State Legislators Consider Changes to Recall Process — “Activists in Virginia are increasingly turning to the state’s court-driven recall process to try to take out their frustrations on local officials they feel have done something wrong…The fact that the recalls almost never work doesn’t seem to be stopping the trend, but it’s causing some lawmakers to rethink a system that empowers judges, not voters, to decide when politicians deserve to be kicked out of office early.” [Virginia Mercury/Inside NoVA]

“American Idol” Winner to Take Wolf Trap Stage — “Her victory on Season 3 of ‘American Idol’ made her a household name. Now, Fantasia Barrino is bringing her signature sound to Wolf Trap in Virginia on Aug. 19.” [WTOP]

It’s Wednesday — Rain starting in the afternoon. High of 88 and low of 77. Sunrise at 6:19 am and sunset at 8:11 pm. [Weather.gov]

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Amelia Carr’s first year working for Fairfax County Public Schools was miles apart from what she had imagined when she declared that she wanted to become a teacher in her sixth-grade yearbook.

The Bucknell Elementary School kindergarten teacher began her career as an educator in the unpredictable world of September 2020, when classes were confined to the computer due to the COVID-19 pandemic.

While the virtual setting wasn’t ideal, especially for restless kindergarteners, Carr made an effort to encourage the same level of engagement and socializing that her students would’ve gotten in person, whether that meant creating a YouTube channel or sending materials in the mail.

“I did Lunch Buddies where we would eat lunch together. In kindergarten, playtime is really important, so we would still do ‘playdates’ on the computer,” Carr said. “…Because they had nothing to compare it to, they were just excited to meet new friends because they had been so lonely during the pandemic.”

Carr didn’t navigate the turbulence of school in a pandemic alone. Her best friend, roommate, and fellow “Outstanding Elementary New Teacher” award winner Shelby Press became a second-grade teacher at Riverside Elementary School in fall 2020.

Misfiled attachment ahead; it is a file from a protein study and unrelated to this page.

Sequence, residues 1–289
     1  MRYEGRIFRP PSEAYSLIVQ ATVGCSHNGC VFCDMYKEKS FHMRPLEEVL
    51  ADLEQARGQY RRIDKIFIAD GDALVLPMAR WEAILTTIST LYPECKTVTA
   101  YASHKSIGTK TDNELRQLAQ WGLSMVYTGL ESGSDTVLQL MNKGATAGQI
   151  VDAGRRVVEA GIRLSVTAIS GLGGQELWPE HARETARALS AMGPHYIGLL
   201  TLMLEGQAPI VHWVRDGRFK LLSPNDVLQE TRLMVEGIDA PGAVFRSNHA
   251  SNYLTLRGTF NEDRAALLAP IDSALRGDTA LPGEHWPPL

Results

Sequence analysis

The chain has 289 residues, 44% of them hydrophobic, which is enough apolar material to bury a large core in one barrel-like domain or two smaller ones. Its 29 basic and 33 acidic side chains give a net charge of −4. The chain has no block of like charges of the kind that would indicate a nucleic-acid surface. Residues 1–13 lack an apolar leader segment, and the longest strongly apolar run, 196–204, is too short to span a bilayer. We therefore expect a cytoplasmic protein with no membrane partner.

Press credits the University of Mary Washington education program that they both attended and the shift online in the middle of their final semester with giving them the classroom experience, tools, and flexibility needed to handle that first year.

“We had a good sense of technology, a really strong background of how to apply lessons, make them virtually, how to make them engaging, and also, most importantly to us, making things culturally responsive to our students,” she told FFXnow. “Working at Title I schools, our students come from various different places, speaking many different languages, and it was important for us to really reach those students through the camera.”

Summer classes underway at FCPS

Now approaching their third year with FCPS, Press and Carr are among the many teachers supporting the school system’s ongoing summer learning programs, which have been significantly expanded over the past two years in response to the pandemic.

As of mid-July, FCPS had 33,500 students enrolled in its summer programs, according to spokesperson Jennifer Sellers. Options include enrichment activities as well as credit recovery and Extended School Year (ESY) services for students who need academic help. Read More

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A historic landmark in Fairfax County is getting presidential treatment, though it will require visitors and tourists to walk under scaffolding for a while.

The first U.S. president’s Mount Vernon plantation is undergoing a restoration on the eastern side of the mansion.

Exterior work to preserve the home began in late March and could finish this fall. Crews are closely replicating the look that George Washington wanted, where the exterior resembles sand blocks but is actually wood covered in sand and paint.

“It’s essentially the same process that Washington had because he wanted a house that looked like stone, but it’s all wood,” Mount Vernon President and CEO Doug Bradburn said. “The boards would be cut to look like stone blocks.”

Work on the west side, where the main entrance is located, occurred in 2019, and the other sides underwent restoration in 2021.